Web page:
The Wisdom of JFK’s American University Speech & Why it’s Still Relevant Today

 

(President Kennedy delivers the commencement address at American University, Monday, June 10, 1963. https://en.wikipedia.org/wiki/American_University_speech)

Although John Kennedy had shown some liberal and anti-colonialist leanings on certain issues throughout his political career, he began his presidency as a firm believer in the Cold War narrative.   He had even campaigned on the promise of fixing the reported missile gap the U.S. had with the Soviet Union – a gap he found, after taking office, did indeed exist but very much in the U.S.’s favor.

Early in his presidency, Kennedy was flabbergasted to hear the head of his Joint Chiefs of Staff, Curtis LeMay, and other military advisers talk seriously of a first strike nuclear attack on the Soviet Union during meetings in which estimated casualties of over 100 million Soviets and tens of millions of Americans in reprisal attacks were cavalierly tossed around.  This no doubt led to Kennedy’s decision to have meetings with his advisers during the Cuban missile crisis secretly tape recorded.  Those tapes were released and transcribed in the 1990’s, offering a window into the demented mindset of those at the highest echelons of power during the most dangerous moment in human history.  Several of those same advisers encouraged the president to escalate.  Fortunately, Kennedy had both the wisdom and the courage to resist such pressure.

Due to secret back channel correspondence that had existed between Khrushchev and Kennedy from 1961, the president had developed somewhat of a rapport with the Soviet premier.  Despite their obvious political differences, they were each aware of the pressures the other faced from hawkish factions in Washington and the Kremlin.  Nevertheless, there were many missteps and errors in judgment that led to the crisis.

Khrushchev interpreted comments made by Kennedy in a March 1962 interview with The Saturday Evening Post as a first strike threat.  This, combined with Washington’s continued actions aimed at overthrowing Soviet ally, Fidel Castro in Cuba, prompted Khrushchev to place nuclear missiles on the Caribbean island.

One of the worst moments of the crisis, when a nuclear war seemed imminent – at one point, Khrushchev ordered Soviet ships to halt just miles away from breaching the US blockade in order to de-escalate the dangerous game of chicken – actually served as a strange but powerful bonding experience for the two leaders in the sense that both men were terrified of their glimpse into the abyss and resolved to negotiate a subsequent end to the Cold War and to ensure disarmament.

This was the backdrop to Kennedy’s speech at American University the following June.  The President wanted to set the world on a path toward peaceful co-existence and believed he could work with Khrushchev toward this end.  However, he was keenly aware of both Khrushchev’s humiliation before the Kremlin hawks who saw the premier’s “retreat” during the crisis as a defeat and those in Washington who would obstruct such a policy.

Meanwhile, a nuclear test ban treaty had stalled due to disagreements over the number of inspections the Soviets would allow, fearing inspections would be used as a cover for espionage.  Kennedy realized he needed to extend an olive branch to the Soviets while also appealing to the American public, which he sensed had drawn the same lessons from the crisis and would be receptive, thereby sidestepping powerful elements who would oppose such a peace initiative.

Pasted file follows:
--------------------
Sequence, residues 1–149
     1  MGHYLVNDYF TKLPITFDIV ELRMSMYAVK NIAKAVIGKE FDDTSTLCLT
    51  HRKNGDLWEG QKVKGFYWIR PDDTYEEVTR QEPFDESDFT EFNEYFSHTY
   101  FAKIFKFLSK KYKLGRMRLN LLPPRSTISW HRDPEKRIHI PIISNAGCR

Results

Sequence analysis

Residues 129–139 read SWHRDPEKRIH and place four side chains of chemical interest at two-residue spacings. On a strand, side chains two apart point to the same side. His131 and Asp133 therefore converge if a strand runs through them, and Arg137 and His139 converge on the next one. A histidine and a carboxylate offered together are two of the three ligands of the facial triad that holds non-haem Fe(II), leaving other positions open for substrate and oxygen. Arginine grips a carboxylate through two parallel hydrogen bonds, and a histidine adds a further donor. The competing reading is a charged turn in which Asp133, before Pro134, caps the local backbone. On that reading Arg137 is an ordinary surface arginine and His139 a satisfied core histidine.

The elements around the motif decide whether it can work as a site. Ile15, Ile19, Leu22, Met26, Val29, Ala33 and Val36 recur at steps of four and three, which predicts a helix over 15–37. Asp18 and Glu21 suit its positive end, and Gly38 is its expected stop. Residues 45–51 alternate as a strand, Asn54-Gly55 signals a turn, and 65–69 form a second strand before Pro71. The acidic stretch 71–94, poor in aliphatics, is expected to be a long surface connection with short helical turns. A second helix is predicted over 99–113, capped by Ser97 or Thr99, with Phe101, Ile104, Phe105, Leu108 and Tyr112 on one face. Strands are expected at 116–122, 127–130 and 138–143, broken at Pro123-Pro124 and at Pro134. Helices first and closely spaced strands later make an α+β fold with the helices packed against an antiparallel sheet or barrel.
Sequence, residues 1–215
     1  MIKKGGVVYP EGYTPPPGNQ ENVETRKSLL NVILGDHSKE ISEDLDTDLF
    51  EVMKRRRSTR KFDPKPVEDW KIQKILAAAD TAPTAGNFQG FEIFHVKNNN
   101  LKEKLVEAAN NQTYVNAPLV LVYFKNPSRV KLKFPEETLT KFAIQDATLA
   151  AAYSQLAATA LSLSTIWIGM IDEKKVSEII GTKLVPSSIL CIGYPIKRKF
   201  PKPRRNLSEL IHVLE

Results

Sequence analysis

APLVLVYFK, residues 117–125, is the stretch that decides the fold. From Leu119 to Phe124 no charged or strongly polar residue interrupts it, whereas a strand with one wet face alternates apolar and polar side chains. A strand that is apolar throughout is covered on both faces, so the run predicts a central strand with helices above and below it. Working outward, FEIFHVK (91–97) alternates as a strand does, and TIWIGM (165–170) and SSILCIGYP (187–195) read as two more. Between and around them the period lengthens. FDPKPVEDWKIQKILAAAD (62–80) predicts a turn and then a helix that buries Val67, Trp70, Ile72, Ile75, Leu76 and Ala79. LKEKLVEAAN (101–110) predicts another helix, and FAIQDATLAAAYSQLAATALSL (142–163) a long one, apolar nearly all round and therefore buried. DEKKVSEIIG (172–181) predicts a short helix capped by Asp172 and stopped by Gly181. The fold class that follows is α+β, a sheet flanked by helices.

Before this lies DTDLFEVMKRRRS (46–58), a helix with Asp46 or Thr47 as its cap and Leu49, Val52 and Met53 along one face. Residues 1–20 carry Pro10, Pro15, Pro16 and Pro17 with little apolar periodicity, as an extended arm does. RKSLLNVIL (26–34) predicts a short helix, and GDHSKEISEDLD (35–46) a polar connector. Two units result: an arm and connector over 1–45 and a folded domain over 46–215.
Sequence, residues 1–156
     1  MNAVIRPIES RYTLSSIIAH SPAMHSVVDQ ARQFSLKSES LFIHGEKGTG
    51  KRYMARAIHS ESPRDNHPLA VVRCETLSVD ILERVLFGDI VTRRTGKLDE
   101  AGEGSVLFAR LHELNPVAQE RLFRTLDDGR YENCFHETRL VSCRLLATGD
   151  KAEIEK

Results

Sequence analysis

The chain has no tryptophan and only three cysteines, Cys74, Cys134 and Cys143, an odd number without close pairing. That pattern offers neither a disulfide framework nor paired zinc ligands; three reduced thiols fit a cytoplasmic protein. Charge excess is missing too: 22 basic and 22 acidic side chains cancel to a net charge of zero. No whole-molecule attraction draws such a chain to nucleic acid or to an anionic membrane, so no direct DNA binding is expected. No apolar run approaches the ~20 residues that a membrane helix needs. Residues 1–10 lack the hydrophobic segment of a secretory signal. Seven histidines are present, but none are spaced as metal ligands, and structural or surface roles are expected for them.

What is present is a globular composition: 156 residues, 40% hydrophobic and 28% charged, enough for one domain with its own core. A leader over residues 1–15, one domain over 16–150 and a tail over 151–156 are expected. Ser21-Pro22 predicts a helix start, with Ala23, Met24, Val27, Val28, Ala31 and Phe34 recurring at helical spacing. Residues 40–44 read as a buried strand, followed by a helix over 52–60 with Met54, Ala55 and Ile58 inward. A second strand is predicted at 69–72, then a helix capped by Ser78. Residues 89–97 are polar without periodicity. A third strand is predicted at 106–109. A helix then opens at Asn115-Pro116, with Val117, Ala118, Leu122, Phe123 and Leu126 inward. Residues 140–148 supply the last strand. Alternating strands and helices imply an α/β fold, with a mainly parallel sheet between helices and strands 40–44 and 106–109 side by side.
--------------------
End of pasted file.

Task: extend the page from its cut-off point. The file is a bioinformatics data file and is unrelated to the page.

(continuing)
Kennedy tapped his assistant, Theodore Sorensen, who had been with him since his days in the Senate, to draft the speech while Kennedy reviewed and advised the process.  Only a few select members of Kennedy’s staff were even aware that Kennedy planned a momentous speech as the president had learned by this point not to trust his military advisers, the CIA or the State Department.

What Sorensen and Kennedy created was a speech of great elegance and wisdom.  It has continuing relevance to U.S. foreign policy today, particularly as it relates to Russia.

Several important points were made in the speech:  First, that pursuing peace had not been treated with the same allure and fascination in our culture as war (e.g. guts and glory).

Second, he challenged the notion that pursuing peace was quixotic or too abstract.  He made the point that it could, in fact, be broken down into concrete and manageable steps if the political will was there. Indeed, if practical steps were taken toward peaceful conflict resolution, then such actions would develop a momentum of their own.

Third, he warned against self-righteousness and a superiority complex toward Russia. Furthermore, regardless of differences over politics or government, we should never dehumanize the other, but acknowledge the others’ culture and accomplishments.  This warning would prove to be particularly prophetic after the U.S.’s perceived “victory” in the Cold War and subsequent attitude and policy toward Russia.

Fourth, he recognized that we will never see the end of conflict, but we can have peaceful methods of resolving conflict.

Kennedy let the Kremlin know beforehand of his impending speech. Khrushchev’s response was very positive, allowing the speech to eventually be heard and read uncensored throughout the Soviet Union, which normally spent significant resources jamming all western broadcasts.  Unfortunately, the speech was largely ignored or ridiculed in the U.S.

Watch the speech here:

Or read the transcript here:

http://www.presidency.ucsb.edu/ws/?pid=9266

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